What's in a trademark? By any other name, would a $400 pineapple taste as sweet?

The fruit industry news has been abuzz this week with reports that a new pineapple will soon be hitting the market in the United States. The pineapple, characterised by its red outer skin and produced in very limited quantities in Costa Rica, is being marketed under the name Rubyglow™ and will retail for nearly $400 per fruit. [Merpel: now that’s a recipe for an expensive piña colada!]

Seeing red? A Kat reflecting on emerging
branding strategies for plants. Images from Pixabay.

The producers of this luxury fruit, Fresh Del Monte Produce Inc., obtained a US plant patent (No. 33,544) in 2021. You wouldn't know it from the recent press releases, but the patent specification indicates that the name of the variety is actually ‘Vintage Ruby’. Why does the patent use a different name from the registered trademark? And what can this tell us about branding strategy for plants?

Naming Plants

Plants have many names, including the Latin scientific names for each species. For instance, readers who speak certain other languages may recognise the first part of the scientific name of the pineapple species: Ananas comosus.

To obtain plant variety rights (and US plant patents), breeders are required to give the new variety another name, called the "variety denomination". These denominations cannot be registered as trademarks - for example, under Article 7.1(m) of the EU Trade Mark Regulation, it is grounds for rejection or invalidity if a trademark consists of, or reproduces in its essential elements, an earlier plant variety denomination. This is because denominations are deemed generic, and consequently, Article 20(1)(b) of the UPOV Convention 1991 stipulates that:

... no rights in the designation registered as the denomination of the variety shall hamper the free use of the denomination in connection with the variety, even after the expiration of the breeder’s right. 

This rule is meant to ensure that a consistent name is used in connection with each plant variety and that others can accurately identify the plants that they buy or sell. Indeed, this principle was the basis for Australia's unsuccessful argument that the name 'Prosecco' for sparkling wine should be refused registration as a geographical indication in Singapore (previously discussed by this Kat here). 

Trademarking Plants

To recoup more profits beyond the term limits of PVRs, some breeders have harnessed trademark strategy to prolong their control over plant varieties. A good example of this comes from the apple industry. Most readers would be familiar with the Pink Lady™ apple, but might never have heard of the 'Cripps Pink' apple. In fact, the latter is the generic denomination for the Pink Lady™ apple, named after its British-Australian breeder, John Cripps.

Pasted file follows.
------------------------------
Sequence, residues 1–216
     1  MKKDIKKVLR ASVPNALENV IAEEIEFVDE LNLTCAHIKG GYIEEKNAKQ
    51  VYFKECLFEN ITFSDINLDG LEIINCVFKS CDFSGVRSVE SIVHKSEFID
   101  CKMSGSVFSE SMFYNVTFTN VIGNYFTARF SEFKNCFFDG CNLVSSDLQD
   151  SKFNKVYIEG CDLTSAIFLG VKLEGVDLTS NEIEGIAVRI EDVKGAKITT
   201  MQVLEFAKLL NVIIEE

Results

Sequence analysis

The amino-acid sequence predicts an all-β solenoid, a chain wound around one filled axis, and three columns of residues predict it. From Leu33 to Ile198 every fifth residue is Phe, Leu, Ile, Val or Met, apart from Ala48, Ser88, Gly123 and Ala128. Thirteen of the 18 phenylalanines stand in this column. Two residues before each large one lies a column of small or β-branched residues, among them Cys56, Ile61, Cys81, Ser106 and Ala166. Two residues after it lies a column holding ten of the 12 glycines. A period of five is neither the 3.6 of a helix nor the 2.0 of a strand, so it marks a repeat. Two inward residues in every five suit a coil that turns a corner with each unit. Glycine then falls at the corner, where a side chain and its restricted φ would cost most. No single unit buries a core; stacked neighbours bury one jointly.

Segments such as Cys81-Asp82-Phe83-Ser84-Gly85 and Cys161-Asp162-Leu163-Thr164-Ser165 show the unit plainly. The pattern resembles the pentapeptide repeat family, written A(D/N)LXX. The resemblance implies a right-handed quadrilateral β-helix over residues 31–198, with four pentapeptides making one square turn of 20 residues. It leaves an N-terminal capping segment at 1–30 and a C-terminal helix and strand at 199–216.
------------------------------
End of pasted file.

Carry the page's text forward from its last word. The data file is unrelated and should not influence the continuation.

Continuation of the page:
Through the successful marketing strategy (and not without some legal challenges), the trademark owners have generated strong awareness amongst consumers of the Pink Lady™ name. Now that the plant variety rights have expired and other producers are free to sell the variety, these other producers have a problem: they are only allowed to use the name 'Cripps Pink' - a name that would be meaningless to most shoppers, as Asda learned the hard way some years ago.

Image credit: CPVO and
Ángela Martínez López (here)

Meanwhile, if you routinely buy a pack of Pink Lady™ apples at the store, you might assume that you're purchasing the same variety each time. Unlike PVR law, however, trademark law imposes no obligations to maintain a direct link between a name and a plant. Some newer, related apple varieties that are still covered by plant variety rights (such as 'Sekzie' or 'Lady in Red') are also being sold in certain territories under the Pink Lady™ trademark. They might taste just as sweet, but bearing the same trade mark doesn't mean that they are the same thing.

Naming Strategically

Breeders usually pursue plant variety rights long before the plant reaches the market. With a duration of protection for up to 30 years for certain species, breeders might not feel the need to plan far beyond that, and will give their variety a fun or meaningful denomination without any further thought.

Some established breeding organisations, however, have developed the practice of selecting denominations that are less attractive to consumers, while reserving fancy and memorable names for use as trademarks. For example, Washington State University now markets its 'WA 2' apple as Sunrise Magic™, and 'WA 38' apple as Cosmic Crisp™. Of course, as the 'Vintage Ruby' / Rubyglow™ pineapple shows, there is no reason why both the denomination and trade mark can't be meaningful - as long as they are sufficiently different

Nevertheless, this Kat wonders whether the growing popularity of using registered trademarks for plant varieties might affect the key function of denominations: to facilitate the clear, consistent, and unencumbered identification of plant varieties. As the latest Brexit drama has illustrated to the flower industry, too many names can spoil the effective communication about plants. 

So, while most of us won't get a taste test of the Rubyglow™ pineapple any time soon, the new variety still gives us a flavour of the current and emerging IP issues for plants.

What's in a trademark? By any other name, would a $400 pineapple taste as sweet? What's in a trademark? By any other name, would a $400 pineapple taste as sweet? Reviewed by Jocelyn Bosse on Saturday, May 11, 2024 Rating: 5

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